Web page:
Basset, Francis (1757-1835) (DNB00)

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BASSET, FRANCIS, Baron de Dunstanville of Tehidy and Baron Basset of Stratton (1757–1835), patriot, political writer, and patron of science, literature, and art, was son of Francis Basset, M.P. for Penryn from 1766 to 1769 (Mrs. Delany, iii. 450, 455, and Gent. Mag., 1769, xxxix. 558), and Margaret St. Aubyn, his wife. He was born at Walcot in Oxfordshire 9 Aug. 1757, and was educated at Harrow, Eton, and King's College, Cambridge, where he took his M.A. degree when twenty-nine years of age. Dr. Bathurst, afterwards bishop of Norwich, acted a tone time as his private tutor (Memoirs of Dr. Bathurst, 1837, i. 20). A tour on the continent, made with the Rev. William Sandys, son of a former steward of the family, and who had been specially trained for the purpose, completed his education, and he at once started in public life with every advantage that talents, education, and position could confer. Amongst his various political treatises are ‘Thoughts on Equal Representation,’ 1783; ‘Observations on a Treaty between England and France,’ 1787; ‘The Theory and Practice of the French Constitution,’ 1794; and ‘The Crimes of Democracy,’ 1798. His agricultural tracts included ‘Experiments in Agriculture,’ 1794; ‘A Fat Ox,’ 1799; ‘Crops and Prices,’ 1800; ‘Crops in Cornwall,’ 1801; and ‘Mildew,’ 1805; most of which appeared in Young's ‘Annals of Agriculture.’ He was chosen recorder of Penryn in 1778, and in 1779 he was created a baronet, and was M.P. for Penryn 1780–96. On his entrance into political life he joined Lord North's party, and was hurried into the coalition. The outbreak of the French revolution considerably modified his political views, and some angry correspondence in 1783 took place between him and the Duke of Portland (Brit. Mus. Add. MS. 21553, art. 34) in consequence of one of Sir Francis's protégés having been superseded as warden of the Stannaries. Mrs. Delany records some of his electioneering experiences in June and October 1784. In June 1782, though the two men were personally unknown to each other, he moved an address for ‘a lasting provision’ to be made for Admiral Rodney (Life and Correspondence of Lord Rodney, ii. 312, 335), but, at the instigation of the government, ultimately withdrew it. Rodney, however, wrote to him a very handsome letter of thanks on 1 Oct. 1782. Sir Francis opposed the peace with America with great energy, and in the same year seconded the address to the king's speech, declaring his confidence in the administration. In 1779, when the combined French and Spanish fleets threatened Plymouth, Sir Francis Basset marched into that town a large body of the Cornish miners' militia, and, with their aid, rapidly threw up additional earthwork batteries for the defence of the port; he also constructed about the same time some defences for the little harbour of Portreath on the north coast of Cornwall. His patriotic services on this occasion gained him his first title—his baronetcy, dated 24 Nov. 1779. On 17 June 1796 Pitt created him Baron de Dunstanville, and Baron Basset on 30 Oct. 1797; and he ultimately became we should now term a conservative. In 1807 a private act was passed (47 Geo. III, sect. i. cap. 3) to relieve him of the disabilities which he had incurred by taking his seat in the House of Peers before taking the oaths. His princely income, derived mainly from the mines which lay almost within sight of his mansion of Tehidy, enabled him to devote considerable sums towards developing the mining interests of Cornwall and the moral and social welfare of the miner; he also improved the means of locomotion in that county, and, in 1809, laid the first rail of the tramway designed to connect Portreath on the north with Devoran on the south coast. He was also a liberal patron of the fine arts; and his edition of Carew's ‘Survey of Cornwall,’ enriched with Tonkin's notes and published in 1811, is one amongst many instances of his services to literature. The friend and patron of John Opie, R.A., he was one of the eminent Cornishmen who acted as pall-bearers at the great artist's funeral at St. Paul's in 1807 (Rogers, Opie and his Works, 1878, p. 71); and his own collection of pictures was extensive and valuable. He was seventy-seven years of age when he was seized with paralysis, at Exeter, on his way to parliament, and died at Stratheden House, Knightsbridge, on 5 Feb. 1835 (Davis, Memorials of Knightsbridge, 1859, p. 110); but he was buried at Illogan, the journey homewards of the funeral procession occupying no less than twelve days. There is a bust of him by Westmacott on his monument in Illogan church; a fine oil portrait in the Royal Institution of Cornwall at Truro; and a tall granite obelisk to his memory stands on the summit of Carn Brea hill, which overlooks the bulk of his mining estates, and commands views of the English and the Bristol channels. His first wife was Frances Susannah Coxe, of Stone Easton, Somersetshire (Gent. Mag. 1823, xciii. ii. 274); his second, whom he married 13 July 1824, and who survived him for nearly thirty years, was Miss Harriet Lemon of Carclew, Cornwall. His monumental inscription truthfully records that he was ‘an elegant scholar, the patron of merit, and a munificent contributor to charitable institutions throughout the empire,’ and that ‘he proved himself the friend of his country and of mankind’ (Gent. Mag. 1835, iii. 655, and Annual Biography for 1836, p. 35). He was succeeded in his estates by his only daughter (by his first wife) Frances, who, on her father's decease, became Baroness Basset of Stratton. She died at Tehidy on 22 Jan. 1855, in her 74th year—the last direct representative of her race (Gent. Mag. 1855, xliii. 304).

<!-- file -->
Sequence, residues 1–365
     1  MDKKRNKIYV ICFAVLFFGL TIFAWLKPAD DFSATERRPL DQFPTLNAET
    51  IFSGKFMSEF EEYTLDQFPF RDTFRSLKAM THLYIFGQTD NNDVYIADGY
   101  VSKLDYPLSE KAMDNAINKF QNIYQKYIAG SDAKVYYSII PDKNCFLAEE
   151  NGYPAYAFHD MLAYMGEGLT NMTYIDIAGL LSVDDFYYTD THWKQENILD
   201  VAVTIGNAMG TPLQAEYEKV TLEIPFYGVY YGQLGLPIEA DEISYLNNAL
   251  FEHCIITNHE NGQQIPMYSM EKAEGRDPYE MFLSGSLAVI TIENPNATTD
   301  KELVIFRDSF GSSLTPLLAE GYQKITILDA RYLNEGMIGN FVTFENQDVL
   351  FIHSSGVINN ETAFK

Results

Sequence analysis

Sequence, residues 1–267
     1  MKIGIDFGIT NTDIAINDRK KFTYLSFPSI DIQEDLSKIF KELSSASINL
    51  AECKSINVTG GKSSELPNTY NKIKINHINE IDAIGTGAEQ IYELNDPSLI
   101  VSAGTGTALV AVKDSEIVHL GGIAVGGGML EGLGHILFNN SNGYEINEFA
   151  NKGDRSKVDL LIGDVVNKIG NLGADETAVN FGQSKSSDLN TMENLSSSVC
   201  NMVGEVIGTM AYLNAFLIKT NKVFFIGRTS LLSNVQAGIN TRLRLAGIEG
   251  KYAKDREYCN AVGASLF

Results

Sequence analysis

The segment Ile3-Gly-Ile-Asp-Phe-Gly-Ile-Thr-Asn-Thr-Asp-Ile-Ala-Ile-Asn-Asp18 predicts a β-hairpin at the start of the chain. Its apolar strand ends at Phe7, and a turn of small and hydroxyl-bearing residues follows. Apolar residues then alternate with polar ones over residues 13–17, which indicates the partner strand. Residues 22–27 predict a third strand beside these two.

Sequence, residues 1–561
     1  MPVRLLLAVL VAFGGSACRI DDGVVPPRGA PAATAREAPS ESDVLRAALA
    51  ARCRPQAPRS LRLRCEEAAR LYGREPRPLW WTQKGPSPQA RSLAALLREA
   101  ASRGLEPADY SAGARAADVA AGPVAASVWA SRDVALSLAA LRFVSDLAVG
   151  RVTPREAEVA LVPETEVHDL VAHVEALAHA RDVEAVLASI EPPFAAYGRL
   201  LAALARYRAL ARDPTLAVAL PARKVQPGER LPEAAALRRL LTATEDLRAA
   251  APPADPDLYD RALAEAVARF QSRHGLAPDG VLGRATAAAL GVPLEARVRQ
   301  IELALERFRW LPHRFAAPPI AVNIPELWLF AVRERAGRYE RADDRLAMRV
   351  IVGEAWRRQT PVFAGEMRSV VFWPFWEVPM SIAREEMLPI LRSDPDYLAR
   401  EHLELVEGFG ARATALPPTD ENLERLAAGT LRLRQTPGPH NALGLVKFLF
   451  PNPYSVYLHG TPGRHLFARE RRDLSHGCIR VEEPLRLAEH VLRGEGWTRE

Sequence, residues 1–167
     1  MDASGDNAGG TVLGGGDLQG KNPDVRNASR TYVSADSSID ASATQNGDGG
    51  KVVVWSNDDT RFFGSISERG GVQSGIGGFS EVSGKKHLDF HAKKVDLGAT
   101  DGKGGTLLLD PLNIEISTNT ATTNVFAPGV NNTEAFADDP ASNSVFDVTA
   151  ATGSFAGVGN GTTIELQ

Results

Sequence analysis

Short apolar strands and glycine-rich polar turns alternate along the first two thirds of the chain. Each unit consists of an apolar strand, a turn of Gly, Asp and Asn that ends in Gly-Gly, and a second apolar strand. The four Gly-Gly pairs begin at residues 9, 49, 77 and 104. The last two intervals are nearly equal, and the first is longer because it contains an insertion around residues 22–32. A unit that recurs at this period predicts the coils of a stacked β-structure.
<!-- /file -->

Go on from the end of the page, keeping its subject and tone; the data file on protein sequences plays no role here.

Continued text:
[Gent. Mag. (1865), xviii. 257; Redding's Past Celebrities (1866), i. 133; Wraxall's Historical Memoirs of his own Times (1836), iii. 133; Boase and Courtney's Bibl. Cornub.]

W. H. T.